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cancelled insurance policy

What happens if I cancel my car insurance policy?

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Why can cancelling my policy make my insurer suspicious?

Cancelling an insurance policy is not a decision to be taken lightly, and there can be some serious consequences to consider. You may have good reason to do so; you may have sold your car, or scrapped it; and then again you may have giving up driving completely, perhaps because of ill health. However, it is not unknown for a minority of dishonest people to take out insurance just to get a car taxed; they then cancel the policy, and continue to drive without insurance. Leaving aside the fact that they will almost certainly get caught (the police have a huge arsenal of high tech gadgets that help them recognise uninsured drivers) the insurers might have no way of knowing that you are tarred by this same brush; and whilst this may be completely unfair, they are perfectly entitled to bear this possibility in mind.

Will I get my money back?

As a policyholder, you possess the legal right to cancel your car insurance policy within a legally binding 14-day cooling-off period, which begins either on the policy's commencement or when you receive policy documents, whichever is later, if you have changed your mind about it. The insurer is obliged to reimburse you for any paid premiums; although they may deduct a nominal amount to account for the time during which the policy was active (and they are allowed to impose a small administrative fee).

Outside of this cooling off period everything depends on the terms and conditions that you agreed to when the policy was set up (you did read these, didn't you?). Some insurers are more generous than others, but there are those that will offer you little back in return (and these can often be smaller insurers that offer cheaper premiums; they have to make a profit somehow).

What happens if I opted for monthly payments?

This is where things can get quite complex and it is an area that produces a lot of disputes. Some people think that they can simply stop making monthly payments as soon as they cancel the policy; but in most cases you will have agreed to make them for the agreed term. So, if you cancel after the cooling off period you could still be liable for those payments; and often not to the actual insurer, but to a finance company that works with the insurer. You could find yourself facing a civil claim, with the subsequent damage to your credit rating, in that eventuality. The insurer could still, of course, reinburse part of the premium but this would depend on your agreement; yet another reason for making sure you know what you are in for, before taking a policy out.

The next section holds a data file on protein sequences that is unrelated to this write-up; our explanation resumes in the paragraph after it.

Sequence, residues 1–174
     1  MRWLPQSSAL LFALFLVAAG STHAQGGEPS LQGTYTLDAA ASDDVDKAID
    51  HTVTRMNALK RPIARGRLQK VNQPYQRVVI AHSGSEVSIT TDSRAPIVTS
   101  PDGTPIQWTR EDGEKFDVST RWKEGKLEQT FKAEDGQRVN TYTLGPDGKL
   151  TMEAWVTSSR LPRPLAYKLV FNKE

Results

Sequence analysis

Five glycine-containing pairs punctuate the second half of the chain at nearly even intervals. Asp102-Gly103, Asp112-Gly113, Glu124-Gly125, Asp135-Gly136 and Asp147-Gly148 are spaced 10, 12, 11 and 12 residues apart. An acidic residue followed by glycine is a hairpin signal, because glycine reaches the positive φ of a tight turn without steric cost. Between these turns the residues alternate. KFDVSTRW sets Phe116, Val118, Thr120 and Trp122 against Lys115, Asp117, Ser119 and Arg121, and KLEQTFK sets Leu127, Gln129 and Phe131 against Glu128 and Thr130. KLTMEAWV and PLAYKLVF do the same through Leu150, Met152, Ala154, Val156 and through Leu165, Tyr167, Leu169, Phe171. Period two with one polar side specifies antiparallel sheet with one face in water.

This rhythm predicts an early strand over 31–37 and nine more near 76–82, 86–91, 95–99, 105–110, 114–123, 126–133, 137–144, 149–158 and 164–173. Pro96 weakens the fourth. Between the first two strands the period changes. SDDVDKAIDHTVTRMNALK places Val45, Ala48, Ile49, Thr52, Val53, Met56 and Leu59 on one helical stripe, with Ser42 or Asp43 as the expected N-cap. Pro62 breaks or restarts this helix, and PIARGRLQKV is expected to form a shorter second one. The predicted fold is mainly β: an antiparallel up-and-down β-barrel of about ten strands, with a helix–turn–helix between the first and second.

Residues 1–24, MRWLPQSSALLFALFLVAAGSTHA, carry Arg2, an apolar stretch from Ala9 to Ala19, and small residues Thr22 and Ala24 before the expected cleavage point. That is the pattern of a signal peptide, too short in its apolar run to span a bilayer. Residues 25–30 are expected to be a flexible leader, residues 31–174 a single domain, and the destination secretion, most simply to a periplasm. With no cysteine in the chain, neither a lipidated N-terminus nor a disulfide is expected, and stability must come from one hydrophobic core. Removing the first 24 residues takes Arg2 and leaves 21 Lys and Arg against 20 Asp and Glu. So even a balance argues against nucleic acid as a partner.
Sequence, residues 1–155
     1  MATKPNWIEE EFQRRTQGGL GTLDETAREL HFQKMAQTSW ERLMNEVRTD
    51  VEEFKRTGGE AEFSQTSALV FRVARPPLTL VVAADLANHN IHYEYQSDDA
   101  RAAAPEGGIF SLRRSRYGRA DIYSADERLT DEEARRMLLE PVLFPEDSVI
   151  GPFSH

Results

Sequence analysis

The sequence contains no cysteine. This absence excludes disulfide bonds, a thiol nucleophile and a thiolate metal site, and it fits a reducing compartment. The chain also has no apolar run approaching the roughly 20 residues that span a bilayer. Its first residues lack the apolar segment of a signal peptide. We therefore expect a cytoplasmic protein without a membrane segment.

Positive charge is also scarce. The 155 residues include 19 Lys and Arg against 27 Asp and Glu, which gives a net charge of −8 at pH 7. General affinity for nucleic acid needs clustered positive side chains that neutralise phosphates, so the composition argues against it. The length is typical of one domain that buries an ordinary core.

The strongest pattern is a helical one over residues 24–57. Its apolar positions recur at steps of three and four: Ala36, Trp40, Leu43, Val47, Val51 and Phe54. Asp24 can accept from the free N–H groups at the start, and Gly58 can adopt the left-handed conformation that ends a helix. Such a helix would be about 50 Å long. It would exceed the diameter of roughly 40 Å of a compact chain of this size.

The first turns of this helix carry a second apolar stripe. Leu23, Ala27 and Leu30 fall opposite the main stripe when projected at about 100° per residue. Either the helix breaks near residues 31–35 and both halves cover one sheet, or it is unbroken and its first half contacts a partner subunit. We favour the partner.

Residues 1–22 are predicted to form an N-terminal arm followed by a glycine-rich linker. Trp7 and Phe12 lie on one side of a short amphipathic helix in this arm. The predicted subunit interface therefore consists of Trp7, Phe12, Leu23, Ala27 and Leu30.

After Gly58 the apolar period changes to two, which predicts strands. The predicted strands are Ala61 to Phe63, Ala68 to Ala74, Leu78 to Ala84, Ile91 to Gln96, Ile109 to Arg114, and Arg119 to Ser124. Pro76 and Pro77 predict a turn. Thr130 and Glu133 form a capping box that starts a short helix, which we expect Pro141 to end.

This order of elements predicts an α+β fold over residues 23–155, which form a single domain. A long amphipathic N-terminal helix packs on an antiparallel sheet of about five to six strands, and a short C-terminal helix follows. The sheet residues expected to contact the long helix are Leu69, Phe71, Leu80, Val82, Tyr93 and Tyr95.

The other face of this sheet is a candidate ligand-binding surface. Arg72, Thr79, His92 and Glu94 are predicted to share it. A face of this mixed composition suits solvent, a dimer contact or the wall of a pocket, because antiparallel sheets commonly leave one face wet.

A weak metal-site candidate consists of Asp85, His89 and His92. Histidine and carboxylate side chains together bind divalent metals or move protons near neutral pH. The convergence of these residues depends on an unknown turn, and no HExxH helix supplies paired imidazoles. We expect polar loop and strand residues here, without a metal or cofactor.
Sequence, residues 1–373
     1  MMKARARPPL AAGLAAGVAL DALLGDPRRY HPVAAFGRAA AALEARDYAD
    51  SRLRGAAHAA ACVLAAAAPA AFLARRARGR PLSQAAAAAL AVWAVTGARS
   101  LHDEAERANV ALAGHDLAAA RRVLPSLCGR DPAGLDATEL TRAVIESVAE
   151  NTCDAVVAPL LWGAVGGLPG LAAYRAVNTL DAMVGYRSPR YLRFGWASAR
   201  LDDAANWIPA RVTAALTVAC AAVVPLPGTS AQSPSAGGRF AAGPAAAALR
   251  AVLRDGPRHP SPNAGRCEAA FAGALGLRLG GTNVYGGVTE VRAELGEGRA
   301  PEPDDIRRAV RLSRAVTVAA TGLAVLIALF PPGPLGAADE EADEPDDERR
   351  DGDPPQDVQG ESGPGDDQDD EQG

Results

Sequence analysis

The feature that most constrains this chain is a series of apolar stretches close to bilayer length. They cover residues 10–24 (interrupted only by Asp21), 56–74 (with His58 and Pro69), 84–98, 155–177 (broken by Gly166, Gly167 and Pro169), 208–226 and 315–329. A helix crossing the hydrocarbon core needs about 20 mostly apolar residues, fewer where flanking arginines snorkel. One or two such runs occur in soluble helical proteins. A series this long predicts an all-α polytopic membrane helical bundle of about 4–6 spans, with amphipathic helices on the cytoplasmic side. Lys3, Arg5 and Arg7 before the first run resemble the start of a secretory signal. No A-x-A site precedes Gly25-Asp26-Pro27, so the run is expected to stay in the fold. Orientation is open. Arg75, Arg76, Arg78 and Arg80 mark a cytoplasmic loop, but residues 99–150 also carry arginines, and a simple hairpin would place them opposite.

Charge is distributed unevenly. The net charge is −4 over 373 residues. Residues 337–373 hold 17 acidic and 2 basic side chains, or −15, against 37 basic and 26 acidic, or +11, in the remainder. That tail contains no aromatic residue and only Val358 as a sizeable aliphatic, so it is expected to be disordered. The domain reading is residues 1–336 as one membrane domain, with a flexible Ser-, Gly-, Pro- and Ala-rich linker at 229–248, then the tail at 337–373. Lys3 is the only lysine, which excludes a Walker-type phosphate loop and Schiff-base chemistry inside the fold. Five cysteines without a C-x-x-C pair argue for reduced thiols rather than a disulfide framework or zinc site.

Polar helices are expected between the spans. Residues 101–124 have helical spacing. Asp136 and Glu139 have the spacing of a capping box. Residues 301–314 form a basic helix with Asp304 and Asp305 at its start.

What if I still go ahead and cancel?

OK; let's say you've decided to go ahead with the cancellation. You'll need to contact your insurance company and let them know that you want to cancel your policy. Ask them to confirm this cancellation in writing. Depending on the terms of your policy, you may, as we have said, be entitled to a partial refund of your premium, but you'll likely be charged an administration fee. Plus, if you cancel mid-way through your policy, you may not get anything back, even though you are no longer on cover.

Another important thing to consider is that cancelling your policy can have long-term effects on your future insurance premiums. If you do so without having another policy in place, it could be seen as a red flag by future insurers and it could lead to higher premiums; or even difficulty finding an insurer willing to take you on. It's important to weigh up the cost of your current policy against the potential cost of future premiums before making any hasty decisions.

So, to sum up; cancelling your UK car insurance policy is something you really need to think carefully about. It can leave you liable for damages and injuries in the event of an accident, result in additional fees, and even impact your future insurance premiums. Before cancelling, and if you plan to continue driving, you must always make sure that you have cover in place with another insurer; there is no such thing as an insurance 'period of grace'.

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